Once the analysis is complete, the company will not targetmacro segments with semi-generic offers, but rather micro segments with very specific offers. They estimate that, using this low level of targeting, they will produce millions of pounds per year in revenue.

In all of these examples, the miners shared two common traits: they were willing to break the ‘we do it this way’ culture, and they were willing to explore new technology solutions.

For them, it was clear that the value of analysing data at low levels of granularity was worth the cost associated with change.

> See also: A guide to data mining with Hadoop

For companies looking to improve their mining technology, there are a few places to start.

In-database technology, especially on parallel platforms such as Hadoop, Teradata and Actian Matrix is a clear contender for mining very large sets of data. Performance results typically show a 10X or 100X improvement.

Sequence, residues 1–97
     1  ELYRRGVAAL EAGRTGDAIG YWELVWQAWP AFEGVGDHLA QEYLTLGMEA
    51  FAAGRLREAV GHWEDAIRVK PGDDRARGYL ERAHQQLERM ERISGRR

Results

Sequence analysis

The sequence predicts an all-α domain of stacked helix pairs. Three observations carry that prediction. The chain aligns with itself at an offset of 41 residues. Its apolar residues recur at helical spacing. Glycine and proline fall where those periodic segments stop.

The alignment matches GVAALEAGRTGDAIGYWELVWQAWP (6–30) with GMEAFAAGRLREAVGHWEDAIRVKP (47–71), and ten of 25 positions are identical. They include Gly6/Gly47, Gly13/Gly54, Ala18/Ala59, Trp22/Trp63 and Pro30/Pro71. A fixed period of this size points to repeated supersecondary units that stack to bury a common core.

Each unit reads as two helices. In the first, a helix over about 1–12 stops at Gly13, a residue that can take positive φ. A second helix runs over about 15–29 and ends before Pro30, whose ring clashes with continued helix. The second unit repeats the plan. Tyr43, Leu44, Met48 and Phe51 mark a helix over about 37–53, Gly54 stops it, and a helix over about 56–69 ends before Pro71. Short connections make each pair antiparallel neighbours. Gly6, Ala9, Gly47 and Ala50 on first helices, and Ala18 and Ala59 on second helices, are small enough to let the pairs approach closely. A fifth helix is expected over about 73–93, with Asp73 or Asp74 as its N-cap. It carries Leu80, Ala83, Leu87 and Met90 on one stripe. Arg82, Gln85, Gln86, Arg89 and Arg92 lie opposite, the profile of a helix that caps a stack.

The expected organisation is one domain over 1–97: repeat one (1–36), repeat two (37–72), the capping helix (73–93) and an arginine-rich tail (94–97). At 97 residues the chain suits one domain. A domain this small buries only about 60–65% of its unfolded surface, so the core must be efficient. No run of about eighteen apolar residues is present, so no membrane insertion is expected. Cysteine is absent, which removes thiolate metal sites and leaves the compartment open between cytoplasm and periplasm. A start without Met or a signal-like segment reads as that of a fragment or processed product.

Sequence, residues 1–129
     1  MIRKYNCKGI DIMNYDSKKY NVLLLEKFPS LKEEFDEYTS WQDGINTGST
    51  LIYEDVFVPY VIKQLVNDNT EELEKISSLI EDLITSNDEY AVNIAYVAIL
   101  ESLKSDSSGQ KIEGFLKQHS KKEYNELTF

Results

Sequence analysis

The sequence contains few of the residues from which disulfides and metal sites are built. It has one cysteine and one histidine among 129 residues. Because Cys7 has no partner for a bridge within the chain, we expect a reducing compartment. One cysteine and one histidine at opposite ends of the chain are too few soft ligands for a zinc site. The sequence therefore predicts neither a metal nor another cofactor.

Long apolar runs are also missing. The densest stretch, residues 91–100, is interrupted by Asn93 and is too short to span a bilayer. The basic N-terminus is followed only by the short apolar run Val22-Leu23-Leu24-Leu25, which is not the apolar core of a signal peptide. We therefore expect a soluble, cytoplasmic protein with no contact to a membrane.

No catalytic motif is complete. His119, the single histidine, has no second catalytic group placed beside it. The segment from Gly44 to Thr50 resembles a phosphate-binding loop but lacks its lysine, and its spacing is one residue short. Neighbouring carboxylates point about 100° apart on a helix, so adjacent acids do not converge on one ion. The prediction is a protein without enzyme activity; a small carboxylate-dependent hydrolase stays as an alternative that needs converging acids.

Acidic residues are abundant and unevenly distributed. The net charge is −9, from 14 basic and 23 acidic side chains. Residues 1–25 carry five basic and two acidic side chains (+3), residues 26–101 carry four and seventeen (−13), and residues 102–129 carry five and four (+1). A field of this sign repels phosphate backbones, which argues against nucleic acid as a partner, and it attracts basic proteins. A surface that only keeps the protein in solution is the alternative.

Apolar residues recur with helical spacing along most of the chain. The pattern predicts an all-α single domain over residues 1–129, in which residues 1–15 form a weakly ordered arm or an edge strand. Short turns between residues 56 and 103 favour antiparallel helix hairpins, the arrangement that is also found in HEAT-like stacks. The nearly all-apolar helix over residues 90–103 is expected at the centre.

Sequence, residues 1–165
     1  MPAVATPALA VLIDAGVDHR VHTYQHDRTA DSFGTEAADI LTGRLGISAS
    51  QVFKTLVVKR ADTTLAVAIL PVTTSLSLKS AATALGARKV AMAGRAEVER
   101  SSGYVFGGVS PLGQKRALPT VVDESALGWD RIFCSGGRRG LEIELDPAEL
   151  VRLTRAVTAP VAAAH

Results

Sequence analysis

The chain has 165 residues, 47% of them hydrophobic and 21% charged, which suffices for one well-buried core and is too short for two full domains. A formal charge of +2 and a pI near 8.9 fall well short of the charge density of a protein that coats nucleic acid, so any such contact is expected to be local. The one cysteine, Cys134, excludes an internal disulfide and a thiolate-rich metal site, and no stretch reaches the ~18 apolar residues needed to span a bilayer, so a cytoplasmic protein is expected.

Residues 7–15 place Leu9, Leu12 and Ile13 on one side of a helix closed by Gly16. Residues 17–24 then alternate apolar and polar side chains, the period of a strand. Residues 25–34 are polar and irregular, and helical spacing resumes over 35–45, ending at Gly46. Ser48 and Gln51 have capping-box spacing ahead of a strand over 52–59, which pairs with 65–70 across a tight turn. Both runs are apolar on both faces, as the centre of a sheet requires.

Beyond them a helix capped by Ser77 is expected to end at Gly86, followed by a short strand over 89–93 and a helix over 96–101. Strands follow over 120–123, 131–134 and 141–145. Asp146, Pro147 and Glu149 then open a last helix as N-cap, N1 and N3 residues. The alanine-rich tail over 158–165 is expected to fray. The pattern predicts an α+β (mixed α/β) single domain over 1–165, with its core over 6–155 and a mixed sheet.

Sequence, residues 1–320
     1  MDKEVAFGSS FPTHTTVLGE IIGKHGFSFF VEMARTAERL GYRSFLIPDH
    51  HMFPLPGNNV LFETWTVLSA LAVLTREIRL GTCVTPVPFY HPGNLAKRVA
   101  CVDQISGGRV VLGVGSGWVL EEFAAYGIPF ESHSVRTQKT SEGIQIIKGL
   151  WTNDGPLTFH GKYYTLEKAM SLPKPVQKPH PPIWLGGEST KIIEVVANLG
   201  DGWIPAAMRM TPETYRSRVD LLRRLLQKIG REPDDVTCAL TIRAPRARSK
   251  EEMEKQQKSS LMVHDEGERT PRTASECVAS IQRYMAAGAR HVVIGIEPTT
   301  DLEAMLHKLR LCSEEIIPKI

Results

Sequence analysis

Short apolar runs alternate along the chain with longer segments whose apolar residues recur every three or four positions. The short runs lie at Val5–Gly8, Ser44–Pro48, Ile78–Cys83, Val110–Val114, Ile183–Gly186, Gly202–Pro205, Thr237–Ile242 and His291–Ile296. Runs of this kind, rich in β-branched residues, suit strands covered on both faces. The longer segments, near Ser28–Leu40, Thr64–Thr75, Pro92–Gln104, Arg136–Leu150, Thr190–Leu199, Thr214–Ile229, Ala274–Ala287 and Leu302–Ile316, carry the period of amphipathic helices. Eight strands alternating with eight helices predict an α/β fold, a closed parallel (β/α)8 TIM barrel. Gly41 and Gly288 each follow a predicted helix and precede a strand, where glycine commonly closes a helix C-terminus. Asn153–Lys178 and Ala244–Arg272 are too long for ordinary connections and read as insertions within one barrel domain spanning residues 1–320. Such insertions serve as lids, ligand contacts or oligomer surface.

For example, a large digital market analytics company performs market basket analysis on 486 billion rows of data in 17 minutes using in-database solutions veresus 30 hours using old mining technology.

For computationally intense data mining, the use of graphics processing units is on the rise.  From a price-to-performance aspect, nothing outperforms GPUs.  In one example, a grid computing system using the latest hardware performed 100 million pre-trade risk calculations in 5 minutes; 2 GPU cards did the same calculation in less than 13 milliseconds.

The granular analysis of huge amounts of data using new methods and technology produces measurable results. To realise these benefits, companies need to shift from surface mining techniques and tools to those that allow deep exploration.

Sourced from Michael Upchurch, COO and co-founder, Fuzzy Logix

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Ben Rossi

Ben was Vitesse Media's editorial director, leading content creation and editorial strategy across all Vitesse products, including its market-leading B2B and consumer magazines, websites, research and...